·         A letter from the Chief Executive of Peabody to Councillor Diarmaid Ward dated 3 March 2022 stated that:

1) “Peabody would be willing to convert some shared ownership homes to London Living Rent in Phase 3 of the development should Phases 1 and 2 of the development perform well.”

2) This letter further stated that “Given the viability position, this proposal cannot form part of the s106 agreement”.

3) This letter further stated that “To include some LLR homes in the s106 agreement, we would require further [GLA] grant funding.


The Residents Facility

·         The applicants had clarified that this space would be:available for use by all residents of the proposed development, irrespective of tenure; would be not for profit and would be run on a cost recovery basis; would be in part free of charge for one day per week for residents and/or resident groups within the development. The exact nature of the facilities would be developed with residents at the time of construction.

·         No additional community centre was needed for the local area and the scheme would deliver in excess of £13 million Community Infrastructure Levy (CIL) for investment in community infrastructure.

·         The applicants had committed to supporting a Tenants and Residents Association (TRA) and the preparation of a Community Engagement Plan.

Fit out of Women’s Building

·         The council’s Borough Investment Panelwas consulted on a proposal to allocate up to £2.9 million to fund the fit out of the Women’s Building.  This was agreed subject to: 1) the insertion of a clause within the S106 Agreement requiring Peabody, working with partners including the council, to take all practical steps to raise the £2.9m from other sources.  The council would therefore be underwriting the costs of the fit out in the event that this funding could not be secured from other funding bodies; and subject to a formal decision by the Executive on 24 March 2022.

·         If planning permission was granted, the application would be subject to referral to the GLA.  The Local Planning Authority could only issue planning permission once: the Executive had made a decision on the allocation of £2.9 million; the Section 106 agreement had been completed; and the GLA referral response had been received.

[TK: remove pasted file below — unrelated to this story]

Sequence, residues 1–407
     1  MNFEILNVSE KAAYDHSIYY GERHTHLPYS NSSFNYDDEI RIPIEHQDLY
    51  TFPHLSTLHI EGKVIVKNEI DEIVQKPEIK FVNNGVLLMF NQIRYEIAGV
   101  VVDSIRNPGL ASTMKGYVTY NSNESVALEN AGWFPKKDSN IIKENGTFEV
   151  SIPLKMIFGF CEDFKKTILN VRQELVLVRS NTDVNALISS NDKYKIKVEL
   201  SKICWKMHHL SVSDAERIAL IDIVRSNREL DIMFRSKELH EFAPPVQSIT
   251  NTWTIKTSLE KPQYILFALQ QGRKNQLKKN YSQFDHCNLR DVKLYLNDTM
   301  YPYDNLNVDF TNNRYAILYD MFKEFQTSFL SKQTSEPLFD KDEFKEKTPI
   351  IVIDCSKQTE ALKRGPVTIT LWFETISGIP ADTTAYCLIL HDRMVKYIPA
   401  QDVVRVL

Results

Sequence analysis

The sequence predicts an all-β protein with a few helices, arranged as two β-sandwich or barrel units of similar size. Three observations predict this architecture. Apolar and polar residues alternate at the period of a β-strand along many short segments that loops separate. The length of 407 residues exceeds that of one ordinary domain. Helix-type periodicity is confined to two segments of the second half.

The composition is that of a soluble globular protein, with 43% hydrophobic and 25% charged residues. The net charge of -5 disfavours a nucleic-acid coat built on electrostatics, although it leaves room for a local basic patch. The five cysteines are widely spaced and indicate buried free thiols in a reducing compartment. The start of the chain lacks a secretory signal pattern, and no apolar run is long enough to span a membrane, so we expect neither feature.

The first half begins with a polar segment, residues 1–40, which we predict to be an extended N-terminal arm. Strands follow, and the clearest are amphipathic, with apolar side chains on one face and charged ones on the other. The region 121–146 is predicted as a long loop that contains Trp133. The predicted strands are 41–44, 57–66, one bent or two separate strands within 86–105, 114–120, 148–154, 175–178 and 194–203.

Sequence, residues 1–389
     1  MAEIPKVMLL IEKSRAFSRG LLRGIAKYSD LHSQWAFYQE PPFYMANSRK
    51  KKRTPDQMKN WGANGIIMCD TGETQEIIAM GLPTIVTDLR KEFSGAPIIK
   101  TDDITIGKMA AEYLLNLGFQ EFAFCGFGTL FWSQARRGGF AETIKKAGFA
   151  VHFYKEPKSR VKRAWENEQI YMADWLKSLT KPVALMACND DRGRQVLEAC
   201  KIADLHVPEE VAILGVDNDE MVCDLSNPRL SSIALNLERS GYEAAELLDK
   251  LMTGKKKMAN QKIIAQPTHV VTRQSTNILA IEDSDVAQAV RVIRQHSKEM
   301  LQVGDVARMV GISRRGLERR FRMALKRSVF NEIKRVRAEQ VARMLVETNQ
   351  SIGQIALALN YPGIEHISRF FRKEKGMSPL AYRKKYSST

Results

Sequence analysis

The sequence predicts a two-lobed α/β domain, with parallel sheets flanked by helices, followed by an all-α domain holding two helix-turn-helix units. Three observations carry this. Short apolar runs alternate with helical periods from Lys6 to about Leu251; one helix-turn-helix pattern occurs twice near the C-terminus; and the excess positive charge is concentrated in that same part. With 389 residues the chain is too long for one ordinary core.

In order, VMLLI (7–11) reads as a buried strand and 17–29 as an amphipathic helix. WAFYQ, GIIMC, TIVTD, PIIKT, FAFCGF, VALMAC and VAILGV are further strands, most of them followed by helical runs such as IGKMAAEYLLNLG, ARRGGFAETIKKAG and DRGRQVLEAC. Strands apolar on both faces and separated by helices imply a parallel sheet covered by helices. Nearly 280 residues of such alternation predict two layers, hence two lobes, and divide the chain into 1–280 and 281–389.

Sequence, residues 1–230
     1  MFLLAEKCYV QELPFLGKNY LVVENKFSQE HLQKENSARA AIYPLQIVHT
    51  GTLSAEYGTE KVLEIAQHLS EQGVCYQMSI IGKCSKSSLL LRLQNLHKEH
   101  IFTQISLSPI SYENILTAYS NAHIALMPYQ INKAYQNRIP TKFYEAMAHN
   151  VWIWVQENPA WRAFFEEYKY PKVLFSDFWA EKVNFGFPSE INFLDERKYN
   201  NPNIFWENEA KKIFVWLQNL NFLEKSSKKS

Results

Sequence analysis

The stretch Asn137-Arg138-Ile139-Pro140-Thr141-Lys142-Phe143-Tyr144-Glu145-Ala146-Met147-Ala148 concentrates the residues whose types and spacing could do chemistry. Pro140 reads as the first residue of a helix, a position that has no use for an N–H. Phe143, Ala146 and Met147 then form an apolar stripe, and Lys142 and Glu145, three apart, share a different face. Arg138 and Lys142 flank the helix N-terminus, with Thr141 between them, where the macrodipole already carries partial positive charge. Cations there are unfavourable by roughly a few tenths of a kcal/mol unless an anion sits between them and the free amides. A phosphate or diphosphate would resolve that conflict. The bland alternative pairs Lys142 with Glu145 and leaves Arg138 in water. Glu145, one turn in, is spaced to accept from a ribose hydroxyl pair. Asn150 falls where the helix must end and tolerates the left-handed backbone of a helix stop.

Operating Costs of Women’s Building

·         The building would be secured at a peppercorn rent in perpetuity, saving between £220-300k per annum based on figures provided by the applicant, and would be designed to achieve BREEAM excellent standard, which would be expected to reduce energy costs.

·         The applicants and the council were already committed to a joint feasibility study to identify the most effective means of commissioning an operator for the building and funding and procuring services.

·         The operator would be able to influence the fit out of the Women’s Building to support their operating and funding models. Details of these arrangements would be set out in the Section 106 agreement.


Children and Young People

·         5,291sqm of play space would be provided.

·         An estimated 119 future residents would be children aged 12+. 1,194sqm of space would be designed to prioritise their needs and this had been updated to include hammocks, outdoor tennis tables, open lawn, gym equipment, social seating areas and over-scale swings.

·         There would be an outdoor gym and an area for passive recreation.

·         The spaces for teenagers were intended to be well lit and overlooked. The space would be designed in line with Make Space for Girls principles to provide open recreation space where girls would feel safe and this was conditioned in the landscape plan.

Access to neighbouring streets

·         Access to council owned land would be required to provide a connecting route via Trecastle Way.  

·         Access via the Bakersfield Estate would require the permission of Notting Hill Genesis Housing Association.  A letter dated 7 March 2022 stated that they were ‘happy in principle’ to provide this access to their residents of the Bakersfield Estate.  Access would be provided via a gate and key fob subject to the agreement of the land owner.

·         Access to Dalmeny Avenue was not supported by the local residents, and was not being progressed at present.  There were also significant physical constraints.

·         Access to Crayford Road would require the consent of the City of London and they were not agreeable to this at present.  There were also physical constraints.